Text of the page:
Discover the 9-day Karaga, a tradition started and sustained by a Tamil speaking community of gardeners called Thigalars. The Karaga festival is held at the Dharmaraya Swamy Temple in Bangalore. Just after dusk on the Karaga day between March and April, a priest dressed in female attire leads a spectacular procession, to the accompaniment of dazzling swordplay by a number of dhoti-clad, bare-chested Thigalars. On his head, he carries a flower-bedecked pyramid. A unique feature of the Karaga is the unbroken tradition of visiting the tomb of an 18th-century Muslim saint
every year – this custom has become a symbol of Hindu-Muslim unity.
History: During Mahabharata, Draupadi, wife of five Pandavas created several Veera Kumaras (brave sons) to form a mini army and defeat demon Timirasura. At the time of her death, these Veera Kumaras begged Draupadi not to leave them. Draupadi instead promised to return each year during the full moon day of Chaitra masa (month). Karaga festival is celebrated each year to mark the return of Draupadi in the form of Adishakti.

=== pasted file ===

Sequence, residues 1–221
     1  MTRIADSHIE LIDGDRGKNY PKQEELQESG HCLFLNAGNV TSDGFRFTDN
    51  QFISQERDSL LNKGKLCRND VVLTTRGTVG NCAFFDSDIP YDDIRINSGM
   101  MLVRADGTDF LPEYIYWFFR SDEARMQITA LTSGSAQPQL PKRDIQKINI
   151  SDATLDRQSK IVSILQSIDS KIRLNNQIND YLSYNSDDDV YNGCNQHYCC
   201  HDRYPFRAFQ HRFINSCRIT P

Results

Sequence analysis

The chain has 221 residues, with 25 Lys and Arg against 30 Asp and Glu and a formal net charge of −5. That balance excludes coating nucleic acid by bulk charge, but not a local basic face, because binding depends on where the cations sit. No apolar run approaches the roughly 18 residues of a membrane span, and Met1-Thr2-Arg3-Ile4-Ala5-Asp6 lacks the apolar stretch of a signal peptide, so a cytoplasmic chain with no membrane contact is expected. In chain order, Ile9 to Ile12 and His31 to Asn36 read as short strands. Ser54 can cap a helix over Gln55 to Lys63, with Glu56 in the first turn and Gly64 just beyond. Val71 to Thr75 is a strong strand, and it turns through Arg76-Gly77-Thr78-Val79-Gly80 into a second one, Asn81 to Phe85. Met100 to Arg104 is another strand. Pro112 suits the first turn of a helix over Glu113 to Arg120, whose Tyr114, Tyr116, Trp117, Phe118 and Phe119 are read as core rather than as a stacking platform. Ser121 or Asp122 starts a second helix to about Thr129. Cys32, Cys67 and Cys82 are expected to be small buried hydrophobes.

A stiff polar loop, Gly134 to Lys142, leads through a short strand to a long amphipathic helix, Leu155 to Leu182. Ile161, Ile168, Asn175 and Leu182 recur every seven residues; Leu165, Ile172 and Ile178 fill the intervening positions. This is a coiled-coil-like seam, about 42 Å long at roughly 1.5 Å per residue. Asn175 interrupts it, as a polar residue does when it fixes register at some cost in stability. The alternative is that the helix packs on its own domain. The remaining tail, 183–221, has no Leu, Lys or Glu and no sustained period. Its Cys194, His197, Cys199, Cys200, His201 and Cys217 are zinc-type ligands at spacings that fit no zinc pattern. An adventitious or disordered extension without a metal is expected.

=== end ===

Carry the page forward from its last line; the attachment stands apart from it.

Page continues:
Karaga Procession: Devotees take out a large procession as part of Karaga celebrations, carrying earthen pots on their heads
When is Bengaluru Karaga:
The 2020 edition of Bengaluru Karaga will begin on 8th April, 2020. Karaga begins on a full moon day of the Chaitra Masa according to Hindu Calendar. Exact date varies each year based on Hindu calendars but usually falls in March/April.
Where does Bengaluru Karaga Begin:
Shri Dharama Raya Swamy temple in Nagarathpete, Bengaluru is the starting point for the Karaga procession and main temple associated with the Karaga festival. Nagarathpete is 37 kms from Bengaluru airport and 5 kms from city centre (majestic).
Stay: Lots of stay options are available in Bengaluru in KR Market and Gandhi Nagara area, very close to Sri Dharmaraya Swamy temple.